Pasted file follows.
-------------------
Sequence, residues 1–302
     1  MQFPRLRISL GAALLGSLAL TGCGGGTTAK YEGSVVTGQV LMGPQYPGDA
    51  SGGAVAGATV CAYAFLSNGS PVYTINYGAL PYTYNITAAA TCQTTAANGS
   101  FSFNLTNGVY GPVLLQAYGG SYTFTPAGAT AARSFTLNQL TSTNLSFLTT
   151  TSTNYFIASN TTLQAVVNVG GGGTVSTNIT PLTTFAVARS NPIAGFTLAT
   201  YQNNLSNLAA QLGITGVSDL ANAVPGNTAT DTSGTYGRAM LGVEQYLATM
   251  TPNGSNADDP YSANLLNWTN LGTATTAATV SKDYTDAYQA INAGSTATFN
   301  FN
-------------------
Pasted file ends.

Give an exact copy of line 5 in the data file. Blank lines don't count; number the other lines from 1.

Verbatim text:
   151  TSTNYFIASN TTLQAVVNVG GGGTVSTNIT PLTTFAVARS NPIAGFTLAT